Malnutrition brewing in closed tea gardens

Twenty-five children suffering from severe malnutrition and low weight from the five closed tea gardens of north Bengal have been admitted to State-run hospitals in Jalpaiguri district.

July 24, 2014 08:30 am | Updated November 17, 2021 03:36 am IST - Kolkata:

Twenty-five children suffering from severe malnutrition and low weight from the five closed tea gardens of north Bengal have been admitted to State-run hospitals in Jalpaiguri district. All the children are below five years of age and from the tea gardens which have been rocked by deaths due to malnutrition over the past few weeks.

“The children have been identified on the basis of survey conducted by the State Health Department. We are providing them extra food and their mothers are allowed to stay with them,” Jagannath Sarkar, Chief Medical Officer of Health, Jalpaiguri told The Hindu over telephone.

Dr Sarkar said that after the children become healthy and put on weight they will be released from the State's health centre.

After the reports of deaths due to malnutrition came to the fore, a survey was conducted in the closed tea gardens of the region. As many as 34 children were identified and 25 of them have been admitted in the hospitals.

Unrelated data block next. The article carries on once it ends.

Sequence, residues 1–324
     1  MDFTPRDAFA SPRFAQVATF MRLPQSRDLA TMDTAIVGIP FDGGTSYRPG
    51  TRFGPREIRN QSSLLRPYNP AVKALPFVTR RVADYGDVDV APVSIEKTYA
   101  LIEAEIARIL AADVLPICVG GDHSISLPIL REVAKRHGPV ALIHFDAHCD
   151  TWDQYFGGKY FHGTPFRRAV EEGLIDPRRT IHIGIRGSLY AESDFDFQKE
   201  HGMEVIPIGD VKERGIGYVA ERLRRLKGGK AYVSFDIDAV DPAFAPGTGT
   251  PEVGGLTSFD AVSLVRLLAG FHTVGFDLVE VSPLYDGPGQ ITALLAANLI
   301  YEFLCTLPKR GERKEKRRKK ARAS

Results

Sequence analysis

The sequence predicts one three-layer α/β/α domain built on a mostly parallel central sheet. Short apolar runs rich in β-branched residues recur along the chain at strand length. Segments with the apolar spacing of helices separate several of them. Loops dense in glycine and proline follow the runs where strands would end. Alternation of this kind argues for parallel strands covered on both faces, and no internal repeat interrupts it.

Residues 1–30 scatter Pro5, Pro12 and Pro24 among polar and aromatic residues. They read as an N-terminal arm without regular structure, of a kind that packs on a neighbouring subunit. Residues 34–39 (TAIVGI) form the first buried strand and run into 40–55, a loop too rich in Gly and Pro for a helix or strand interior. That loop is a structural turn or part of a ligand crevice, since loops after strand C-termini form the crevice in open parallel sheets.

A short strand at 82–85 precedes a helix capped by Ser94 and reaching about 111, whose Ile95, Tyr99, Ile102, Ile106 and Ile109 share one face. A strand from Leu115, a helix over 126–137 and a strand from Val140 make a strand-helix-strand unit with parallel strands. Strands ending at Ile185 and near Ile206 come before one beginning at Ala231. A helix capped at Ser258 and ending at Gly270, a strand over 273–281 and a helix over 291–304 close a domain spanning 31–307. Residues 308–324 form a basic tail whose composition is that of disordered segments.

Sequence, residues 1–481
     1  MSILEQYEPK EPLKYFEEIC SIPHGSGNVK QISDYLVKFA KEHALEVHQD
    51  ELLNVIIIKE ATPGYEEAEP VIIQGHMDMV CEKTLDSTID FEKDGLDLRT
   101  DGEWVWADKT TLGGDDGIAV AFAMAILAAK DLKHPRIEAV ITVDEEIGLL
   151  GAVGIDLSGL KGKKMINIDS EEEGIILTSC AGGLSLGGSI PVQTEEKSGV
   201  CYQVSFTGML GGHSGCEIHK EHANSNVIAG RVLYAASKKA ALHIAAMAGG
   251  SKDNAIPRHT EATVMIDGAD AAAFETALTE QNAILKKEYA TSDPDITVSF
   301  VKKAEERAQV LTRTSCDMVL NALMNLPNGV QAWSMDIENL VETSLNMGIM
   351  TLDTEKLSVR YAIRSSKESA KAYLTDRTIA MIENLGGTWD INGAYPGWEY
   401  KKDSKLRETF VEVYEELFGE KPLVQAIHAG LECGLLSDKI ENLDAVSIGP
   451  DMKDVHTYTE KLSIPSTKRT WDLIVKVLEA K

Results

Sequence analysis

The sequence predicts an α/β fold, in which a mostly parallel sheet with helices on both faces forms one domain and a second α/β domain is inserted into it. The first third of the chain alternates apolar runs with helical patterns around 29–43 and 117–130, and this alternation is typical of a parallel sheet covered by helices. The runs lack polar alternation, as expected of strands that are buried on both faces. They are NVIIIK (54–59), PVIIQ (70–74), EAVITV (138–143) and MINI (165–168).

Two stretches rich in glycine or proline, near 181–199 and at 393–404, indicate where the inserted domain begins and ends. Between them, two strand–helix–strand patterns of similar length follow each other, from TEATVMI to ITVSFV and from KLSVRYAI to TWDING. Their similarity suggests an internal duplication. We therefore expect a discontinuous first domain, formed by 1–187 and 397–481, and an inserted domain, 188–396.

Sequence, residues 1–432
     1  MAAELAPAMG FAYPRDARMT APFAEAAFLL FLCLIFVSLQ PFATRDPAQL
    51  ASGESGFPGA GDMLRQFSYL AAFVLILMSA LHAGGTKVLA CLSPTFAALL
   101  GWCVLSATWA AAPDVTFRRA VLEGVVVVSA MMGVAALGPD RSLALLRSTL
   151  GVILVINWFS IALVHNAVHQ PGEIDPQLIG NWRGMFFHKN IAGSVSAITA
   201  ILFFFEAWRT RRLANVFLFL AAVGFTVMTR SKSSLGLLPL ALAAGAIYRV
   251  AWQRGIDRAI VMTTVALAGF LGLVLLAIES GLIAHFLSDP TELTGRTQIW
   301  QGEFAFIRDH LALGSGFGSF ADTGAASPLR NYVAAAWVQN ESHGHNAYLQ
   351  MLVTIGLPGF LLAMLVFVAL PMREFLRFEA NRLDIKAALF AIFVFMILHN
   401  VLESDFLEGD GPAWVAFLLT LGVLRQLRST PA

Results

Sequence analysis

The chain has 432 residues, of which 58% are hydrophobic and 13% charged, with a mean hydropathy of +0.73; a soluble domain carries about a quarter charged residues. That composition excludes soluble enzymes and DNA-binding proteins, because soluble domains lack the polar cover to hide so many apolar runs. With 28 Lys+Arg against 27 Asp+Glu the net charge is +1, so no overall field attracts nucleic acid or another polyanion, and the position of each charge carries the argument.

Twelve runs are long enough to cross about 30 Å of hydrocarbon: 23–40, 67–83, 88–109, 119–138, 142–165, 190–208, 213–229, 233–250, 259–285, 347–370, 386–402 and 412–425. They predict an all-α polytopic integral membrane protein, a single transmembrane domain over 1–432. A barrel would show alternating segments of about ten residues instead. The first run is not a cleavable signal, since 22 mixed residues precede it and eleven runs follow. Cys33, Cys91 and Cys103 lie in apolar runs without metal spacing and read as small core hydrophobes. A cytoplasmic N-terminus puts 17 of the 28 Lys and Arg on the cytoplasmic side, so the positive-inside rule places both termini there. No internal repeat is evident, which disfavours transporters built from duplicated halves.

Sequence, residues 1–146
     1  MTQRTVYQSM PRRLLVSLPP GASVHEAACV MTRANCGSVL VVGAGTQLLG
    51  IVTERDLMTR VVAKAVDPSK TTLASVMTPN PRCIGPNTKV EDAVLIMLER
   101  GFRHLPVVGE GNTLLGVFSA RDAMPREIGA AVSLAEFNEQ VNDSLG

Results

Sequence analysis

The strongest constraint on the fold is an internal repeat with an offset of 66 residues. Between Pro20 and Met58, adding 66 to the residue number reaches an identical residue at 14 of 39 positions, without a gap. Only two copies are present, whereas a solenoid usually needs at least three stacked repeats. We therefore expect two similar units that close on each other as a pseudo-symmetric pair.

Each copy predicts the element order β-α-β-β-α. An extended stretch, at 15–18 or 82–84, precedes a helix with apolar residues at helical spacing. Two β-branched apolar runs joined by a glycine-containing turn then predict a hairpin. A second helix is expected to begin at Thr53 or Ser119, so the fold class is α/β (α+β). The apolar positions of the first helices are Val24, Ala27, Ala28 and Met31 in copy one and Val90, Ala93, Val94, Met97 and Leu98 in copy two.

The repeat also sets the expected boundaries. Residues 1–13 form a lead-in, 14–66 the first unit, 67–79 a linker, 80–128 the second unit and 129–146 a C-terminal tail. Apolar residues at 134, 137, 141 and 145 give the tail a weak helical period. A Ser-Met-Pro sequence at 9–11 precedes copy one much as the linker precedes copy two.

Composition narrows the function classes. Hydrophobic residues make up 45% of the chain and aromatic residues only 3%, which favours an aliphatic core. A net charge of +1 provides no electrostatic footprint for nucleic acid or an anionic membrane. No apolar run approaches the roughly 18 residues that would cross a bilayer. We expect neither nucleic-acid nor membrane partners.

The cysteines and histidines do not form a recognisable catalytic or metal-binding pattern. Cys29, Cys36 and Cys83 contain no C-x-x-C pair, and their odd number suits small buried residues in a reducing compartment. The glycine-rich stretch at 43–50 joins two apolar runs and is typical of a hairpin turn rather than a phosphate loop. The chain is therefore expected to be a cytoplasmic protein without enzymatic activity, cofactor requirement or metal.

“The parents of the remaining nine children refused to get their children admitted,” said Debdas Biswas, the Integrated Child Development Services (ICDS) Officer in Jalpaiguri.

He added that the children who have not been admitted are being provided nutritional support at their homes

While 10 children have been admitted to Jalpaiguri district hospital 10 are admitted to Saptibadi Nutritional Rehabilitation Centre. The remaining five are in Birpara State General Hospital.

The State government has conducted survey of six closed tea gardens -- Dheklapara Tea Garden, Bandapani Tea Garden, Red Bank Tea Garden, Raipur Tea Estate, Surendranagar Tea Estate and Daranipur Tea Estate. Deaths of workers at Raipur Tea Estate and Bandapani Tea Garden were reported by The Hindu .

When the first round of survey was carried out by the State government in Raipur Tea Estate, 11 children were identified with malnutrition. They have been transferred to the hospital as a safety measure.

Mr Biswas said that though the 34 children did not have any disease, yet it has been found that adults in the closed tea gardens suffer from tuberculosis. One of the reasons was that workers in the closed tea gardens are addicted to country liquor.

Top News Today

Comments

Comments have to be in English, and in full sentences. They cannot be abusive or personal. Please abide by our community guidelines for posting your comments.

We have migrated to a new commenting platform. If you are already a registered user of The Hindu and logged in, you may continue to engage with our articles. If you do not have an account please register and login to post comments. Users can access their older comments by logging into their accounts on Vuukle.